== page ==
The larger of the two specimens at hand may be characterized as follows: standard length 62.0 mm., standard length/head length ratio 3:2, head length/eye diameter ratio 2:6, dorsal spines 50, anal spines 41, pectoral rays 22, scales of dorsal sheath 49, scales of anal sheath 45, 48 scales along side from opcrcle to end of hypural plate, branchioste-gals 7, and 8 well-developed rakers on the first gill arch. The second individual is considerably smaller and in poorer condition. It has a standard length of 24.6 mm., a standard length/head length ratio of 2:3, and a head length/eye diameter ratio of 2:4. The remaining characters cannot be described with any real reliability. It may be noted that the eye and head are comparatively larger at this size.


The locality of the specimen figured by Goode and Bean (1895) is simply given as the "Gulf Stream." It was most likely taken somewhere off the coast of the Carolinas. The range of Pteiycombus goodei may now be stated as extending from the Carolinas to the northeastern Gulf of Mexico.
Recently six additional specimens of P. goodei were made available through the kindness of Giles W. Mead. This material was also taken by the U.S.F.W.S. vessel Oregon. Four individuals 27.5 mm. to 44.0 mm. in standard length, were removed from the stomach of an Alepisauriis ferox that had been captured on a long line in the Caribbean just below the Cayman Islands (lat. 19 30' N., long. 81 50' W.). One, 56.0 mm. in standard length, was taken from a tuna stomach from the northern Gulf of Mexico (lat. 27 43' N., long. 88 43' W.); and another, 16.5 mm. in standard length, was taken by dip net from a nearby locality (lat. 28 36' N., long. 87 58' W.).
Eques punctatus (Bloch and Schneider)
There is an individual (120 mm. standard length) of this species in the University of Florida Collections (UF 4074) collected in October 1938, by L. A. Burry at Pompano Beach, Broward County, Florida. According to the original label, the fish was found washed up on the beach after a storm.
This is a West Indian form apparently unrecorded from the mainland of the United States.
Chaetodon ocellatus Bloch
A single individual (UF 5370), 88 mm. in standard length, was collected by the Gulfarium staff under the bridge (U.S. Highway 98) over East Pass at Destin, Florida, in August 1955.
This apparently extends the recorded range of this speciesprimarily known from the Caribbean and Florida Keysfrom Tortugas into the northern Gulf of Mexico (about 575 shoreline miles), though it is known from as far north as Cape Cod in the Atlantic (Longley and Hildebrand, 1941:149).
We have been told by reliable observers that this species is often seen in inshore waters in the vicinity of Pensacola, Florida, about 40 miles west of Destin.
Chaetodon strialus Linnaeus
Though conditions prevented their collection, two juvenile individuals (hardly over 25 mm. standard length) were clearly observed by Caldwell and Thomas R. Hellier, Jr. on 27 May 1956, in water less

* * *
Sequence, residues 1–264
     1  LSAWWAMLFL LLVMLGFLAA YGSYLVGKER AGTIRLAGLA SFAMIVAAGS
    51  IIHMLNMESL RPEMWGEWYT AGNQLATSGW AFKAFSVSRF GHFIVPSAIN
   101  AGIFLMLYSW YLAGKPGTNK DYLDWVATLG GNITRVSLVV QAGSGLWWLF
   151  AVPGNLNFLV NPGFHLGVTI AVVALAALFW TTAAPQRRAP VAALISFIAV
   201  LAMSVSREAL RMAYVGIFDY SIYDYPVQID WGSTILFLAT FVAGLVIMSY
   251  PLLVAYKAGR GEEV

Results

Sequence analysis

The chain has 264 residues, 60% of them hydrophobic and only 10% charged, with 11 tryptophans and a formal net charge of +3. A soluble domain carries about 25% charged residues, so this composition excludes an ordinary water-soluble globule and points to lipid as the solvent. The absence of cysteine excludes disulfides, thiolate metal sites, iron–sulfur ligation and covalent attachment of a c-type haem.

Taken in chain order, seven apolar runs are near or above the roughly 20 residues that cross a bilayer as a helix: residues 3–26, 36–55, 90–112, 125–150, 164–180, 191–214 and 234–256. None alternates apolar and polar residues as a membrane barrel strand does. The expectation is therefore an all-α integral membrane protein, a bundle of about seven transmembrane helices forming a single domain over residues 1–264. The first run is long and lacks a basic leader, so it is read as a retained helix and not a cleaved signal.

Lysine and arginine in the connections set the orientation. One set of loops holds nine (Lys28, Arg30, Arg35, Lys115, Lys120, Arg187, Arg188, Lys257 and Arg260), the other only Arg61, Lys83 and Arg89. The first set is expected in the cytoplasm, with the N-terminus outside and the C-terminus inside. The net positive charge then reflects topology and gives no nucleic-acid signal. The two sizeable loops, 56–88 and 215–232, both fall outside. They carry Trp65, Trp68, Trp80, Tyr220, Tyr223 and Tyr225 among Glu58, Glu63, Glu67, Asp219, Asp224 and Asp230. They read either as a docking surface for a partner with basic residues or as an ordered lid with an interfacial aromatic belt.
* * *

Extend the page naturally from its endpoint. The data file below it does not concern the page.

than 3 feet deep at die jetties at Panama City, Florida. It was possible to make a careful study of the fish at close range through a face plate, and they fit perfectly the description of the young by Longley and Hildebrand (1941:148) and die illustration by Borodin (1928:23, pi. 4, fig. 2), labelled C. consuelae Mowbray.
This record apparently extends the range of this species to the northern Gulf of Mexico from Tortugas, the Bahamas, and tropical America.
There is an individual referable to this species (based on color description) being maintained alive at the Gulfarium. The fish, approximately 90 mm. in standard length, was collected by the Gulfarium staff in early October 1956, at the jetties at Panama City. It apparently constitutes a range extension into the northeastern Gulf of Mexico from the Florida Keys. Another (UF 5685) has the same data.
A single example (UF 5420), 42 mm. standard length, was taken by Caldwell and Brady on 30 July 1956, at the Panama City jetties.
This record constitutes a range extension in the Gulf of Mexico of about 525 shoreline miles from Tortugas, Florida, where it was recorded by Longley and Hildebrand (1941:183).
On 8 October 1955, we collected 51 individuals (UF 5386), 11 to 59 mm. standard length, which we tentatively ascribe to this species. They seem to fit best the description of P. xanthiirus, as differentiated from the other species of this genus from south Florida by Longley and Hildebrand (1941:178-183). This record constitutes a northward range extension in the Gulf of Mexico from Tortugas to Panama City, Florida. They differ from specimens of P. xanthiirus from southern Florida in being somewhat darker with less clear-cut differentiation between the blue and the yellow, and in having more definite vertical stripes on the sides. This is particularly true of the larger examples. In the specimens from Panama City there is also a black axillary pectoral spot which becomes more conspicuous with increase in size.
We collected one individual of this species (UF 5385), 165 mm. standard length, on 8 October 1955, at the jetties at Panama City, Florida. Five additional specimens (UF 5415), 42 to 89 mm. standard
Holocanlhus ciliaris (Linnaeus)
Abudefduf saxatilis (Linnaeus)
Pomacentrus xanthiirus Poey
Acanthurus chirurgus (Bloch)


length, were taken at this locality on 30 July 1956, by Caldwell and Brady.
These records constitute a range extension in the Gulf of Mexico of about 525 shoreline miles from Tortugas. Here the s|>ecies was recorded by Longley and Hildebrand (1941:155) as A. hepalus. These authors and Bee be and Tee-Van (1933:179) record it from the Atlantic coast of tropical America northward in the Atlantic to Cape Cod, and from Brazil through the West Indies to Bermuda, respectively.